ASTANA – The gradual introduction of toll highways in Kazakhstan is projected to reduce the burden on the state budget and ensure self-sufficiency for road maintenance. The toll system is planned on all roads which passed reconstruction and modernisation, said Minister for Investment and Development Zhenis Kassymbek at the Nov.1 government meeting dedicated to transport and logistics infrastructure development.
The measures will increase the volume of fees under the current toll roads tariffs to 33 billion tenge (US$97 million) by 2020, he added. The length of toll roads is expected to reach up to 7,000 kilometres by 2022. Roads of national significance are being constructed and renovated and maintenance quality and safety issues will become relevant.
In a five-year period, about 5,000 traffic roads were renovated, more than 1,700 kilometres of rail roads constructed and the Aktau airport and sea port upgraded, reported the ministry’s press service.
Transport infrastructure development is one of the important indicators which directly affects the annual Global Competitiveness Index assessment. In the latest figures, Kazakhstan lost 11 positions in this category, but has improved its position by 19 points over the past five years.
“There are about 8,000 vehicles per day passing the Astana–Schuchinsk highway today. Thirty percent of this number are passenger cars with the rate of one tenge (US$0.002) per kilometre. Lorries account for 70 percent with 15 tenge (US$0.044) per kilometre. The current rate is lower than that of neighbouring countries. In particular, this tariff rate for cars (converted to the national currency) totals five tenge (US$0.014) in Russia and 15 tenge (US$0.044) per kilometre in China. The average tariffs for freight transport are 50 tenge (US$0.14). We will collect around 1.2-1.3 billion tenge (US$3.5-3.8 million) per year, which fully covers the road maintenance costs,” said Kassymbek.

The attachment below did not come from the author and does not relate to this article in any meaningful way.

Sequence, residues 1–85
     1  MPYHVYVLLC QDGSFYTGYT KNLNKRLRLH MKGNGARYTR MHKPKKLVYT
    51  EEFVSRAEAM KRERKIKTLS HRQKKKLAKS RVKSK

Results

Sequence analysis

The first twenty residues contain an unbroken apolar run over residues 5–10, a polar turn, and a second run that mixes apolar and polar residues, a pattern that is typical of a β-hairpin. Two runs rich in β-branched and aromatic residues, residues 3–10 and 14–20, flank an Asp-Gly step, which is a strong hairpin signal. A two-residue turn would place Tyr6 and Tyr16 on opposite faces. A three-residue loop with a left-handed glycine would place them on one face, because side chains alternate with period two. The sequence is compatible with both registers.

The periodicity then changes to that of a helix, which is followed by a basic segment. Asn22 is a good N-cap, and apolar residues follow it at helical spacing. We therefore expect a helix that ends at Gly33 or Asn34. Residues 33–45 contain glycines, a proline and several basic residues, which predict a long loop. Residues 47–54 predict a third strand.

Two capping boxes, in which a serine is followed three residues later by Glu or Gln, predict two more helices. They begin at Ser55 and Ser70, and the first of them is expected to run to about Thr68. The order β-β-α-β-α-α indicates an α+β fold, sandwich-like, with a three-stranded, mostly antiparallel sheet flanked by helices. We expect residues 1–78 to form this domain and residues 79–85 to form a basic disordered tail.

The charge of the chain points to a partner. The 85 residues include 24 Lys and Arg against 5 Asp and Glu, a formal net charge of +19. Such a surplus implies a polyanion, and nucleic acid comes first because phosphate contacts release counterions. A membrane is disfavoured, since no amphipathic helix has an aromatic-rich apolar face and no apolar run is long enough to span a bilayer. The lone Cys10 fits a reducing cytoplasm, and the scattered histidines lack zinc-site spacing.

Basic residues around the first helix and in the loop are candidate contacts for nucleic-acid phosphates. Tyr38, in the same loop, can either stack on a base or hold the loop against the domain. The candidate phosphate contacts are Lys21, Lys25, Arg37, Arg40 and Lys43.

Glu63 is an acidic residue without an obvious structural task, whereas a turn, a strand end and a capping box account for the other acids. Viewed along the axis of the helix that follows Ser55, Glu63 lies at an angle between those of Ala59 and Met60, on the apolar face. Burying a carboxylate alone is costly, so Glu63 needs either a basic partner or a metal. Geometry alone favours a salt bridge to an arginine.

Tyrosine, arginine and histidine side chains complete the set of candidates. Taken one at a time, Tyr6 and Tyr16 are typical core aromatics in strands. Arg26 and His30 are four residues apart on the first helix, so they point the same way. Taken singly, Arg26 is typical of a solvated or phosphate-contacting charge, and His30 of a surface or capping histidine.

In the first phase, nearly 260 service facilities are expected to be put into operation on the main roads by 2020 as part of the Nurly Zhol programme.
“The location map of objects was approved in agreement with the local akimats (regional administrations). Ninety-one facilities out of 260 will correspond to the A and B categories, in which the entire range of services will be provided including hotel services and shopping centres. Other facilities in the C category will provide parking, food items and retail trade,” he added.
The existing 2,467 disparate objects of roadside service do not meet the national standard’s requirements.
“About 2,500 service facilities currently do not meet those standards. We plan to do inventory auditing for compliance with the requirements of the B, C and D categories in cooperation with local authorities at the end of the year. We will develop the measures to assist roadside service owners to conform to the minimum requirements of the approved standard and introduce the proposals to the government. The concessional lending opportunities are needed as part of the Business Road Map 2020. We will work to address issues connecting utilities networks (electricity, water and sewage) to these objects in cooperation with the local executive bodies,” said Kassymbek.